Economic and environmental implications of leakage upon in situ uranium mining
Organization: Society for Mining, Metallurgy & Exploration
Jan 1, 1988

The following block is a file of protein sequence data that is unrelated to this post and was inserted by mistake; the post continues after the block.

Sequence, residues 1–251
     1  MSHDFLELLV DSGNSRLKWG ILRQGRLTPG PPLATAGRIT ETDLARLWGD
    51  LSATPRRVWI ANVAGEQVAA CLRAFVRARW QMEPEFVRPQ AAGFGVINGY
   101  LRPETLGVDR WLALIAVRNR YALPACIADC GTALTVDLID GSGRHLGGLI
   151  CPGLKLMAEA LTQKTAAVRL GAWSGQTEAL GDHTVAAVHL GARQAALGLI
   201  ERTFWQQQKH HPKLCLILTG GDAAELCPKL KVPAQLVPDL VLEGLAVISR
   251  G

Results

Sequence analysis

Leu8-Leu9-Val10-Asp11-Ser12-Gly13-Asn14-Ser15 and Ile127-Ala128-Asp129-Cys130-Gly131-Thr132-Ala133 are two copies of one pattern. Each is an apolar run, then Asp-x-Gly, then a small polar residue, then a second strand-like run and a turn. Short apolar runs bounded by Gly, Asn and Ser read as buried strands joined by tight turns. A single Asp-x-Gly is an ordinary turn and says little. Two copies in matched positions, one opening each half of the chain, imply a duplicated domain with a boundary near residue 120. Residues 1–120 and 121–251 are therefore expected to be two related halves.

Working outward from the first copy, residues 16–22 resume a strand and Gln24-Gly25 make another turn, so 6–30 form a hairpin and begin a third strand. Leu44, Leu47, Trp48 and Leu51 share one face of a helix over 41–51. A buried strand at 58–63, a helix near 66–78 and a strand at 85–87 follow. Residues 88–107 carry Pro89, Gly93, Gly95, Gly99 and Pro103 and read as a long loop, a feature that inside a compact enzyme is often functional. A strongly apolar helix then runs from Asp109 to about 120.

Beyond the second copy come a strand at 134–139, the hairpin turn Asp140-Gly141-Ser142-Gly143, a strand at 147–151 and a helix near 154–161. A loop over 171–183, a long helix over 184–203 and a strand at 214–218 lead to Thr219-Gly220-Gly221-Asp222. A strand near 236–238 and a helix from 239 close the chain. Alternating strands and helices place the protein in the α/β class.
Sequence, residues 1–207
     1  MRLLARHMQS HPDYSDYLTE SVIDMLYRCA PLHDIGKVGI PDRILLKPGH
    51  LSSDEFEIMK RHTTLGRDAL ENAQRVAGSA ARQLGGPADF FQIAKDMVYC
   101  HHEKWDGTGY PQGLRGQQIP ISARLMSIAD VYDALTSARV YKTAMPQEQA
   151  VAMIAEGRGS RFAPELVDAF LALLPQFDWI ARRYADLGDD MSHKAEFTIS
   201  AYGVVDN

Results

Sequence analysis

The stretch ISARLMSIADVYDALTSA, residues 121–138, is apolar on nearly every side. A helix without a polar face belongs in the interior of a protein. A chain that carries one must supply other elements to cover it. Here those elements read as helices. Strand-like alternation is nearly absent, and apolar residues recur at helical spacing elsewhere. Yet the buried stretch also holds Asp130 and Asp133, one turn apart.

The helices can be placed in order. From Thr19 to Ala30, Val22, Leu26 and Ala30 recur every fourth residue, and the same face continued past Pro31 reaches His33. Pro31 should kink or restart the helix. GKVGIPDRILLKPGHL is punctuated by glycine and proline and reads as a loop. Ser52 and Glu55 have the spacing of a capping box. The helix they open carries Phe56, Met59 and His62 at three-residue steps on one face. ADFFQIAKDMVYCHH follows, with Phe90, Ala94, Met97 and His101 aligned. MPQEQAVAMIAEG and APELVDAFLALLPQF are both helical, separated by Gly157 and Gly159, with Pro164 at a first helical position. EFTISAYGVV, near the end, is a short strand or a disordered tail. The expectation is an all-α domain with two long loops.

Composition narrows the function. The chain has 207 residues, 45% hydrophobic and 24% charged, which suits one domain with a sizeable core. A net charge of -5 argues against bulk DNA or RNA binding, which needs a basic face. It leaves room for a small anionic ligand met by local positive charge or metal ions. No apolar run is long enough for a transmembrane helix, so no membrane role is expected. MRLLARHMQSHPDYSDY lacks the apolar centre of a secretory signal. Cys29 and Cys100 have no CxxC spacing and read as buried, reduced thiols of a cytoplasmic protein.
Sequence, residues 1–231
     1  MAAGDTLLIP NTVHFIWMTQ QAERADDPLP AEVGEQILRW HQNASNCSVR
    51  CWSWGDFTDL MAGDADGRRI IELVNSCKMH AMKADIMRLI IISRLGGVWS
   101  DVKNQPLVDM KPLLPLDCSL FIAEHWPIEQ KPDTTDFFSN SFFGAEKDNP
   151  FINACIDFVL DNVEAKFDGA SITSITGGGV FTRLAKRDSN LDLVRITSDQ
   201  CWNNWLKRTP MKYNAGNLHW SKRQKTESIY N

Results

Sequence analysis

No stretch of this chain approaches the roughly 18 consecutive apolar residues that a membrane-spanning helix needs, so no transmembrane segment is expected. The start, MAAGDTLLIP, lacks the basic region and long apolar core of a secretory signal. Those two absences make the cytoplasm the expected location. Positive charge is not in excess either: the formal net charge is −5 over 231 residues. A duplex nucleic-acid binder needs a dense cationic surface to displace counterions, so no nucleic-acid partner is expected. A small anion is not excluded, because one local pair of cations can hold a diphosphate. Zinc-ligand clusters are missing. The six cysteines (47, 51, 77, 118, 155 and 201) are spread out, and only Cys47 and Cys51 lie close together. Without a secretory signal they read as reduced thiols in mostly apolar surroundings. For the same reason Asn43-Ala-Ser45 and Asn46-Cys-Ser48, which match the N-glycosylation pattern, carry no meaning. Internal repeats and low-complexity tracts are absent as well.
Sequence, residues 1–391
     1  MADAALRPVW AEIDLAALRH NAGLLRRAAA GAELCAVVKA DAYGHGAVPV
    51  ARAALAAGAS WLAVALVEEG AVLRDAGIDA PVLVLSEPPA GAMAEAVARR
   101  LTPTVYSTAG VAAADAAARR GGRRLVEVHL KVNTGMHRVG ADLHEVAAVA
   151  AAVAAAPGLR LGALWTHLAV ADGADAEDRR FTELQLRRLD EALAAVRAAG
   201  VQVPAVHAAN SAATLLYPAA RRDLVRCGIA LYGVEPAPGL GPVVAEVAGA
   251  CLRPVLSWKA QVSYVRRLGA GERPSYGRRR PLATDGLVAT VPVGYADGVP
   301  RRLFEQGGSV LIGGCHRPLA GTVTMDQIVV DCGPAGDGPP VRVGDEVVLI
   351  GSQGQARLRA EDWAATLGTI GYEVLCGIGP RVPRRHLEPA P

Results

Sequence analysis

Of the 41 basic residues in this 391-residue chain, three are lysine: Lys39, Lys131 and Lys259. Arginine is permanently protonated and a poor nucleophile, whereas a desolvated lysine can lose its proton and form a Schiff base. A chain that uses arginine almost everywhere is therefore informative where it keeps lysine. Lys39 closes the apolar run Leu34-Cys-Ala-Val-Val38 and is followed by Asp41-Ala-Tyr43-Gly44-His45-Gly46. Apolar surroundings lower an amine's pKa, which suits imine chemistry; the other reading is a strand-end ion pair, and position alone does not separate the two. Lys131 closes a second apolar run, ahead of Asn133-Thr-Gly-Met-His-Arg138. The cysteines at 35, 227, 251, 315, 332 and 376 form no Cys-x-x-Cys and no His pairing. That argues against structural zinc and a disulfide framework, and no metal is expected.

A computer model was used to simulate the effect of leakage through confining beds on a hypothetical in situ leach operation in an aquifer with a thin mineralized section. The simulations were used to assess economic and potential environmental implications of leakage on an in situ leach operation. Four scenarios were modeled - three representing cases with different degrees of confinement, and the fourth representing a stratified ore zone under a low degree of confinement. The model simulated the travel path and travel time of lixiviant given the hydraulic conditions prescribed in each scenario. The results show that the travel path and travel times vary by about 10% for confinement ranging from nearly impermeable (essentially no leakage) to an extremely low level (thin confinement with a permeability about equal to that of the aquifer) for isotropic aquifer conditions. The aquifer thickness contacted by the lixiviant varied from 85% to 90%. Horizontally, 55% to 60% of the aquifer was contacted. The flow paths in the stratified aquifer were reduced in the vertical direction and expanded horizontally. Forty- five percent of the aquifer thickness was contacted vertically with 88% contacted horizontally. Break- through time for lixiviant traveling at mid-depth of the aquifer increased two times when the leakage was increased from nearly zero to a value representative of thin and highly permeable confinement. Leakage affects the economics of in situ mining by (1) increasing the time required to leach out the ore, and (2) increasing the thickness of the ore zone aquifer to be restored. The potential for environmental impacts appears to be minor. In all four simulations, the lixiviant did not contact the confining strata. Restoration would be limited to cleanup of the ore zone aquifer within the thickness contacted by lixiviant and within the radius of the lixiviant that traveled farthest away from the production cell.